They show much about the attitudes of the people and times they originate from. A lot of people who had nothing better to do than obtain 'information' through the Post.

My study of Channel Islands stamps shows much contrivation - even during the war (or particularly so) collectors and dealers looking to profit in the future by 'contriving' mail --- whilst their world was turned upside down by events.

But what is shown is that it was ever thus - people do not change - and where there is a quick buck to be made someone will want to do that.

Include it but describe the cheating behind it.

 Post subject: Transfer from previous board: original post 2014
PostPosted: Thu Dec 01, 2011 7:00 pm 

Joined: Fri Aug 27, 2010 6:00 pm
Posts: 150
Two good responses, for which many thanks James and RobinT!

And two totally different aspects of the same subject - essentially the use of mail for some philatelic reason. There ought to be an endless series of comments and points of view on both of them, but from looking at the record and personal experience I doubt that'll happen

Firstly, RobinT - Mr Controversy! I agree with you Robin. If an item went through the post, for whatever purpose, it has to be legitimate and certainly of some philatelic value if it furthers philatelic knowledge. Unfortunately, the dark side of that, the crooks and fiddlers and fraudsters who are seeking to make a big return on a small investment, all too often succeed.

I always think of you when I turn to my KGVI Coronation stamp used on Channel Island covers. When I started, I seriously looked for a cover with "The Stamp" with a German occupation cancellation, but never found one. I had no knowledge of the extent of serious specialization of CI stamps - both here, there and in Germany, but I've since discovered that it was and still is a hotbed of WWII fakes! Presumably part of the fun is identifying them?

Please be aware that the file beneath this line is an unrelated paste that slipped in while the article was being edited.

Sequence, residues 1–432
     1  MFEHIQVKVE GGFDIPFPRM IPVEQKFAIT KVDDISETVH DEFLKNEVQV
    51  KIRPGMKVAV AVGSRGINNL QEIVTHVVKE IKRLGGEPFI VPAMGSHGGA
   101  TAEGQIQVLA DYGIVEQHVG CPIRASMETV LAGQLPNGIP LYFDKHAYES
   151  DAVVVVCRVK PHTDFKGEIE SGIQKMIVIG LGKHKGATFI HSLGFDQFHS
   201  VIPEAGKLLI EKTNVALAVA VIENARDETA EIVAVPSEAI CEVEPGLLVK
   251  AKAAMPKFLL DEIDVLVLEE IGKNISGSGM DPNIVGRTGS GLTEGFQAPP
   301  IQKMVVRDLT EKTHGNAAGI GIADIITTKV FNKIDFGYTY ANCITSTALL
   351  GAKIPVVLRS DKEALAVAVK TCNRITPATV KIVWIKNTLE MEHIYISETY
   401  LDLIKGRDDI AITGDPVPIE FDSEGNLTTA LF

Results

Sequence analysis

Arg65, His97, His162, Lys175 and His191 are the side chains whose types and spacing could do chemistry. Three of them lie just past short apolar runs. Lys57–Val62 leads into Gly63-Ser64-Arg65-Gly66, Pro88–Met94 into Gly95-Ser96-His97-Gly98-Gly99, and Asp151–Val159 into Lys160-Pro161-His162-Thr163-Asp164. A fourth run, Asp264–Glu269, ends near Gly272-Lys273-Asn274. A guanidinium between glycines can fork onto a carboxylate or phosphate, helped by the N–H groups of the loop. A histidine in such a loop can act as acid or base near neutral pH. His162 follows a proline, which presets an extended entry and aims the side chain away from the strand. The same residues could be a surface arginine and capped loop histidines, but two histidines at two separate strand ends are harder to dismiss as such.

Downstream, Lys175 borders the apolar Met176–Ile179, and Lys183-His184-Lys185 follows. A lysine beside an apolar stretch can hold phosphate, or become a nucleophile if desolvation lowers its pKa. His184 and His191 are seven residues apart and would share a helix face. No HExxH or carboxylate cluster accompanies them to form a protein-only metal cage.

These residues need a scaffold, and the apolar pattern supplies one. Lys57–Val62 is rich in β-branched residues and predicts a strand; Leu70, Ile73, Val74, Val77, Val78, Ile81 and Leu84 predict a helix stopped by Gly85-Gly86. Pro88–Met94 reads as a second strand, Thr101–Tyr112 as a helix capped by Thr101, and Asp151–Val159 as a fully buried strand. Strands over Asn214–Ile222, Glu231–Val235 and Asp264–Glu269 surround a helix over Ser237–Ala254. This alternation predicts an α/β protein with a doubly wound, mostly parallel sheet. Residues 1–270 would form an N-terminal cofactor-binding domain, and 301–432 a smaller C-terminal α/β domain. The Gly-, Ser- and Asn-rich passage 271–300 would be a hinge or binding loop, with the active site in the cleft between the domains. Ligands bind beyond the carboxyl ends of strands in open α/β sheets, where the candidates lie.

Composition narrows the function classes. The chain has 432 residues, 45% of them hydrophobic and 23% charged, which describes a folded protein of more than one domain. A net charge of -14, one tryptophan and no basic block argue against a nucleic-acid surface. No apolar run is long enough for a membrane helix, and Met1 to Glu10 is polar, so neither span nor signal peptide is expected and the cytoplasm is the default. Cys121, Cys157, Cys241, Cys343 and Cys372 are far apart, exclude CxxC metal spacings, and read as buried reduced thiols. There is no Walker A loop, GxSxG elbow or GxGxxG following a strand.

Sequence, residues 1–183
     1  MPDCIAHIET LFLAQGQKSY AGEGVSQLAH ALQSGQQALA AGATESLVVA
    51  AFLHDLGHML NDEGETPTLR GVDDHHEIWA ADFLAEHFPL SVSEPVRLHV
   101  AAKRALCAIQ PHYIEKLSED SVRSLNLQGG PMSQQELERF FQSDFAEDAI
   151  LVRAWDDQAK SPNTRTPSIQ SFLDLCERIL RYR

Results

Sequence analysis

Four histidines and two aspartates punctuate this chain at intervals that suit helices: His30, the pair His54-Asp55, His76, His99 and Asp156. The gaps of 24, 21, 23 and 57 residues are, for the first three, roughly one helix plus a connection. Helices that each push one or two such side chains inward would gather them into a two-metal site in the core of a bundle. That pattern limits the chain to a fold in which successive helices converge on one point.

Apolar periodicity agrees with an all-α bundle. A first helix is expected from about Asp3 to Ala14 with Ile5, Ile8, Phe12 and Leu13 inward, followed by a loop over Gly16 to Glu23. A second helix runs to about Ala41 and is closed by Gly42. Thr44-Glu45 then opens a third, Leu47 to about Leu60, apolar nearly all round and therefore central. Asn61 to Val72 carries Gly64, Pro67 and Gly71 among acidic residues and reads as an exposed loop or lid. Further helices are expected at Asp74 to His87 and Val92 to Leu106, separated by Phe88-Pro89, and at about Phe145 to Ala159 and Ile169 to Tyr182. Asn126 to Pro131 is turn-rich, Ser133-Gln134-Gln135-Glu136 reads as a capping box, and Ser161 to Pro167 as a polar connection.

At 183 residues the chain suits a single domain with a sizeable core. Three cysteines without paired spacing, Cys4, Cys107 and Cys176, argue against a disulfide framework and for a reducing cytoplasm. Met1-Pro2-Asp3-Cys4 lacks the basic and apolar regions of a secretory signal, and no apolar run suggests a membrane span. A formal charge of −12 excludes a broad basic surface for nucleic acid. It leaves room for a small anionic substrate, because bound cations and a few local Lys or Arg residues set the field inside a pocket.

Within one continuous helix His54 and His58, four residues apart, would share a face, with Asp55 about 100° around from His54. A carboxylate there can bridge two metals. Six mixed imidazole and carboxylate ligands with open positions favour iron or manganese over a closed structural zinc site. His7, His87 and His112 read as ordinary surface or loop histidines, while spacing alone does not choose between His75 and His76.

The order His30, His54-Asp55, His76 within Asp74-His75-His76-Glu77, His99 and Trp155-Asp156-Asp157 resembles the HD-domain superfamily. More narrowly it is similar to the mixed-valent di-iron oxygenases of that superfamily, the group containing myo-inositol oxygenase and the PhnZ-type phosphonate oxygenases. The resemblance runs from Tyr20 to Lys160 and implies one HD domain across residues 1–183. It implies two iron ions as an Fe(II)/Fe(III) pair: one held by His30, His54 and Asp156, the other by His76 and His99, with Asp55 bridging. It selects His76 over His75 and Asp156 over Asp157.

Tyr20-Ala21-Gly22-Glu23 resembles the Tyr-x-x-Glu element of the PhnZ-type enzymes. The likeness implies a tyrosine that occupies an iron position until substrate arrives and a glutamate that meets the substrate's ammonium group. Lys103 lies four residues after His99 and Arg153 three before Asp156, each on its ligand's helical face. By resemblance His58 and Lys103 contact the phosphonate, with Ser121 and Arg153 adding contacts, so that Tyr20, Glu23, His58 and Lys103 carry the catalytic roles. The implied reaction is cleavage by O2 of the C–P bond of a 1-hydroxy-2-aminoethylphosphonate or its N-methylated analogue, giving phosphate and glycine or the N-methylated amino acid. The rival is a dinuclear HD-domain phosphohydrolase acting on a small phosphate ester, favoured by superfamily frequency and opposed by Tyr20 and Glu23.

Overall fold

In the two books I'm working on, I have a chapter with the title "Fakes, Frauds and Fantasies" It is surprising and rather depressing-but-understandable, that so much bad material has a high price on it. And those prices do not even obey the laws of supply and demand. The vendors stick on a silly-high price and it sits there unsold for months, even years, until a sucker comes along... there are more than a few of those on eBay right now!

James, your collection sounds fascinating! By any chance do you have any examples of the very rare control numbers for KE8? In your case, the name is apparently of the collector. I think that is a shade better than those endless covers where a dealer addressed endless covers to himself. I once bought a job lot of 100 FDC of the Coronation stamp. It turned out to be 100 identical, small plain brown envelopes, all addressed to the same person, each with a single stamp and nothing else. I'd guess that it was an act of intended investment by somebody with little wit nor wisdom. I managed to identify a couple of dozen of the stamps to cylinder and location by checking the micro-flaws, and can hazard a guess at what he actually bought. In commercial terms I think they are worthless, I paid £10!

Do you think it worth attempting to build a register of all those very-often-used-names? Is there an illustrated catalogue of pre-decimal covers that can provide a basis for comparison of price v scarcity?

Cheers and wishes,